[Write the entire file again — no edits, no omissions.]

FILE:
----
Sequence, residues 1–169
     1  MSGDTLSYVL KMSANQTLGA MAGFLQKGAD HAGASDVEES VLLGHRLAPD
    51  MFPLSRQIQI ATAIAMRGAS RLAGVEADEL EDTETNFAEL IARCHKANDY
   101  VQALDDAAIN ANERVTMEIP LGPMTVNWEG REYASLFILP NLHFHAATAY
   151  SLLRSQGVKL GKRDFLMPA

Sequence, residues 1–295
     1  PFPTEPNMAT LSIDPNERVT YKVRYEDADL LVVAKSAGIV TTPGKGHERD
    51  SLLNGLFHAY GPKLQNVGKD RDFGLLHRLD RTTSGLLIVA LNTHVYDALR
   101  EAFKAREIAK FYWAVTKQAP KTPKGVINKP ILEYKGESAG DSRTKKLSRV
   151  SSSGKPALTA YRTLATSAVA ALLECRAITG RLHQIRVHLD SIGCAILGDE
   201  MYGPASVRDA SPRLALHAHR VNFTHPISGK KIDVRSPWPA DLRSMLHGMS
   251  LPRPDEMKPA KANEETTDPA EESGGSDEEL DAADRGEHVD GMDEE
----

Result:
Sequence, residues 1–169
     1  MSGDTLSYVL KMSANQTLGA MAGFLQKGAD HAGASDVEES VLLGHRLAPD
    51  MFPLSRQIQI ATAIAMRGAS RLAGVEADEL EDTETNFAEL IARCHKANDY
   101  VQALDDAAIN ANERVTMEIP LGPMTVNWEG REYASLFILP NLHFHAATAY
   151  SLLRSQGVKL GKRDFLMPA

Sequence, residues 1–295
     1  PFPTEPNMAT LSIDPNERVT YKVRYEDADL LVVAKSAGIV TTPGKGHERD
    51  SLLNGLFHAY GPKLQNVGKD RDFGLLHRLD RTTSGLLIVA LNTHVYDALR
   101  EAFKAREIAK FYWAVTKQAP KTPKGVINKP ILEYKGESAG DSRTKKLSRV
   151  SSSGKPALTA YRTLATSAVA ALLECRAITG RLHQIRVHLD SIGCAILGDE
   201  MYGPASVRDA SPRLALHAHR VNFTHPISGK KIDVRSPWPA DLRSMLHGMS
   251  LPRPDEMKPA KANEETTDPA EESGGSDEEL DAADRGEHVD GMDEE